Capping off a 5-2 homestand at Yankee Stadium, the New York Yankees earned another series victory against a winning club, taking three of four from the Seattle Mariners. All around the pinstripes received solid defense and timely hits and kept it rolling in the Bronx.
Granted they have a lot of mileage on those arms but I never thought I’d see the day where a pitching matchup between Felix Hernandez and CC Sabathia would yield a combined five home runs. This one went from a runaway to some tense moments to ultimately a relatively easy 7-3 win for the pinstripes.
In this chess match, the Bronx Bombers moved quickly and left the king exposed. Right off the rip, DJ LeMahieu extended his hitting streak to eight straight with a ground-rule double to left in the first. Luke Voit followed with king-maker clout on a two-run tater to left. The launch job was Voit’s tenth of the campaign.
Luke Voit is a threat every time he comes to the plate.
As the inning continued, Mike Tauchman hit a ground-rule double to left and LeMahieu plated him with an RBI-single to left for a 6-0 advantage.
In the third, a friendly Stadium wall flap in right enabled Gardner to leg out a two-out triple. Urshela would send him home with an RBI-single to left.
CC AND SOLID D
CC Sabathia made his first home start since surpassing 3,000 strikeouts. The veteran lefty was solid the first time through the order and whiffed five batters, including three of the first five batters he faced, in five frames. A two-run homer to center by Domingo Santana in the fourth and a solo shot to right by Dee Gordon in the fifth made it a little dicey but Sabathia was able to work out of trouble and earn career victory No. 248. Sabathia also tied Allie “Superchief” Reynolds for tenth in franchise history with 131 victories in pinstripes.
There was also helpful defense provided by Urshela and Estrada for that matter. Urshela made a solid leaping grab on a ball hit by Omar Narvaez on the first out of the third and a nice barehand putout of a Tim Beckham grounder on the first out of the fourth. Flashbacks of Scott Brosius.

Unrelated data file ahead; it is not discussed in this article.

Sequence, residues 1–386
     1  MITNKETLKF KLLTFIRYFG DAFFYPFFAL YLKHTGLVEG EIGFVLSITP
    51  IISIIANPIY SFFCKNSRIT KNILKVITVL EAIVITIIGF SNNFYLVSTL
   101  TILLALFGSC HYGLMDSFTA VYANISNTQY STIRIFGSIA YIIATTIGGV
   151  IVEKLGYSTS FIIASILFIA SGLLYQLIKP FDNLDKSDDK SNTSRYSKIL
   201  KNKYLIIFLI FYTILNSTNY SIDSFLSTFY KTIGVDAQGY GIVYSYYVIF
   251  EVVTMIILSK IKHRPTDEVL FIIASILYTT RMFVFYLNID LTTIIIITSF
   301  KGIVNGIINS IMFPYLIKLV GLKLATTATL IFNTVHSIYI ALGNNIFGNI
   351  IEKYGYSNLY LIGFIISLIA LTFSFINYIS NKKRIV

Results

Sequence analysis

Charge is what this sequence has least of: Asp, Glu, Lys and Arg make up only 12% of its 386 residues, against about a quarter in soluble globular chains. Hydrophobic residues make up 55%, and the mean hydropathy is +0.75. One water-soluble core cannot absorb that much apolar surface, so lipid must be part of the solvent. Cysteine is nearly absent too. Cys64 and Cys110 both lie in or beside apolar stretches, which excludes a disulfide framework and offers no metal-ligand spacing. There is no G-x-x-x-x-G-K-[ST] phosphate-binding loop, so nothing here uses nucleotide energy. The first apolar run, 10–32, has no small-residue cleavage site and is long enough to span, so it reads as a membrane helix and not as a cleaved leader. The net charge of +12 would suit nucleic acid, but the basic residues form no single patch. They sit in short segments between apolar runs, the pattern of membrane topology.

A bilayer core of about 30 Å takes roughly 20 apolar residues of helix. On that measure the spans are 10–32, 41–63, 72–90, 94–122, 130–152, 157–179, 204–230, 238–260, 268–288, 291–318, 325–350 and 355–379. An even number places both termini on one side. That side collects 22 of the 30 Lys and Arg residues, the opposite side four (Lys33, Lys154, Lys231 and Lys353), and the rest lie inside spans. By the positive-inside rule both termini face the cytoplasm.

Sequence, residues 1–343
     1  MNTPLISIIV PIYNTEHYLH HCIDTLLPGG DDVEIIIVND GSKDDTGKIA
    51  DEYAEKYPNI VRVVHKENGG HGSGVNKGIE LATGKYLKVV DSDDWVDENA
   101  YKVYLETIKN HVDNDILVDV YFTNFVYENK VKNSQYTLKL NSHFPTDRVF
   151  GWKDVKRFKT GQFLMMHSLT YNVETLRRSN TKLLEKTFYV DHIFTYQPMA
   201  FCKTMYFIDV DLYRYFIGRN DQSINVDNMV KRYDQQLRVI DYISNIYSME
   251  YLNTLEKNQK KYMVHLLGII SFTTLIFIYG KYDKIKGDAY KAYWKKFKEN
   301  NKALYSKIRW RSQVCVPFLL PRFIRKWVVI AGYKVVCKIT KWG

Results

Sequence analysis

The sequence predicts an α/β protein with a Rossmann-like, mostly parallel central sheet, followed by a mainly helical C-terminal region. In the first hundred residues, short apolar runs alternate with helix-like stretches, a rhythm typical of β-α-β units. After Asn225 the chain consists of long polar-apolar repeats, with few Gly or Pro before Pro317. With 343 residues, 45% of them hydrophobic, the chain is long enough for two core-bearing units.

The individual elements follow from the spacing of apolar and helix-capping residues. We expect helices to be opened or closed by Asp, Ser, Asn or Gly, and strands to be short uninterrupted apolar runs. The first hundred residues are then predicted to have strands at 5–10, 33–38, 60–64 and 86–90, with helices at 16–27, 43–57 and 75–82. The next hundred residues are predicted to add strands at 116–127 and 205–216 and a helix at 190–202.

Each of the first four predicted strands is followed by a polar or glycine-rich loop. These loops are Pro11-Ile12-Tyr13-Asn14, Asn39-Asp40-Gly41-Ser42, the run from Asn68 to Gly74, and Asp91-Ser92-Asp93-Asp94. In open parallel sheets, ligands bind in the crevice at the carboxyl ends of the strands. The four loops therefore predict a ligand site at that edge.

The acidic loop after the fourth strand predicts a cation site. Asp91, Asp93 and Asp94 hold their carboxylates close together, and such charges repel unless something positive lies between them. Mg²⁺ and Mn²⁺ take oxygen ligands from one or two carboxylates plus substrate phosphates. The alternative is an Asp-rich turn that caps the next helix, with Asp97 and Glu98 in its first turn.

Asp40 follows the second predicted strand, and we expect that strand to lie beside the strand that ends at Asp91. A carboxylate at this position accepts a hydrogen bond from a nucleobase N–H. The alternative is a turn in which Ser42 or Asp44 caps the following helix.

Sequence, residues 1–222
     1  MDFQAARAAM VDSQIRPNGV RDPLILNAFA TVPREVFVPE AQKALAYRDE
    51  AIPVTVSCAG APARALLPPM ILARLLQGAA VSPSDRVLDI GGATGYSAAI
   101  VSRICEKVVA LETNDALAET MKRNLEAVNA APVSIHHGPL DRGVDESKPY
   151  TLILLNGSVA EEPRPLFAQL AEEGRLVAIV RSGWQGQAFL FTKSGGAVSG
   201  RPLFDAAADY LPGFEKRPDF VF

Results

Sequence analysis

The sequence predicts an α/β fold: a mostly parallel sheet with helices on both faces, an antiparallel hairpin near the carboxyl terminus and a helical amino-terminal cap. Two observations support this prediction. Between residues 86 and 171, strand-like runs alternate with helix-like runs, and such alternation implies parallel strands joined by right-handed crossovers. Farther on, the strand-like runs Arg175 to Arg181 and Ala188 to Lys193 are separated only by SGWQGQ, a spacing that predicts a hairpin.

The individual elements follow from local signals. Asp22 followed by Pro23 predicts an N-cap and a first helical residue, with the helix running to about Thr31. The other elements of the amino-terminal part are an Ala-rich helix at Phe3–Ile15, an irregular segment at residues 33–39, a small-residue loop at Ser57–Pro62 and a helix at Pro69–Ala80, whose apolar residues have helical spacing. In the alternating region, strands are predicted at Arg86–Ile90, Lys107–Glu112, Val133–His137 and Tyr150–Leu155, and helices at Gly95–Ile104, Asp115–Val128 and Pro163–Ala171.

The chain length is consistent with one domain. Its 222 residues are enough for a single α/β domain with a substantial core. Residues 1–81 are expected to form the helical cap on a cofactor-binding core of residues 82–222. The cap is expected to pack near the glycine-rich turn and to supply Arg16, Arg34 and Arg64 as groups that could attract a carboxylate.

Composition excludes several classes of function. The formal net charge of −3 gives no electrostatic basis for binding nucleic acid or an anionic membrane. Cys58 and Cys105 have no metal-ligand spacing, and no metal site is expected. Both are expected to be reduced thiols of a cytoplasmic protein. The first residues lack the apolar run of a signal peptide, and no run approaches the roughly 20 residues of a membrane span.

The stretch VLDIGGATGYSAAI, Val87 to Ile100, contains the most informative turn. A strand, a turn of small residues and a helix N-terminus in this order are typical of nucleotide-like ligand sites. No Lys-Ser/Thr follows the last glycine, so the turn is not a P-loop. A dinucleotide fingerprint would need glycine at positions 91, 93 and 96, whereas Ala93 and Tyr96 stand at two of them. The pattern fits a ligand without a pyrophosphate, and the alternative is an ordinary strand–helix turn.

Along with Ottavino, Zack Britton rebounded with a scoreless frame and Luis Cessa rounded it out with two whiffs in a scoreless ninth.
Hopefully, you didn’t go to bed mad after the rain delay because it was bedlam in the Bronx! For the longest stretch, the Yankees couldn’t get out of their own way but the Mariners gave them an opening and they took advantage for the 5-4 walk-off win.
MAD MASA AND MISUNDERSTANDING
Masahiro Tanaka gave the pinstripes length but was far from a perfect form with virtually no splitter. After each team scrapped out a run apiece early, Tanaka pitched out of trouble in the fourth following a flyball to right-center off the bat of Jay Bruce, which fell between Gardner and Clint Frazier. Tanaka was not pleased and was also visibly frustrated when Frazier had a ball hit by Beckham go off his glove for a two-base error in the seventh. Mind you I didn’t see any fielder’s clap back when Tanaka yielded his requisite home run to Edwin Encarnacion in the sixth on a 2-0 splitter.
Tanaka went 6.2 frames, allowing five hits, two walks, two runs, striking out four.
WHEN IT RAINS IT POURS
The end of the rain delay didn’t mean the end of the rain or sloppy play. Tommy Kahnle would lose his scoreless streak the hard way, granted none of the runs were earned.
After Mitch Haniger reached on a one-out single to right, Daniel Vogelbach reached on a rare error by a shifting Urshela. With two down, Domingo Santana singled home a run to left. The ensuing batter Bruce doubled home a run on a tough pop beyond third which evaded Urshela.
GIO’S ATONEMENT AND LEMAHIEU’S LE WALK-OFF
In football, if you have a quarterback controversy, you don’t have a quarterback. In baseball, if you go closer by committee, you don’t have a closer. After the Yankees inched back on a wild pitch in the eighth, they popped off on ex-Yankee Anthony Swarzak and the other alleged closer Roenis Elias.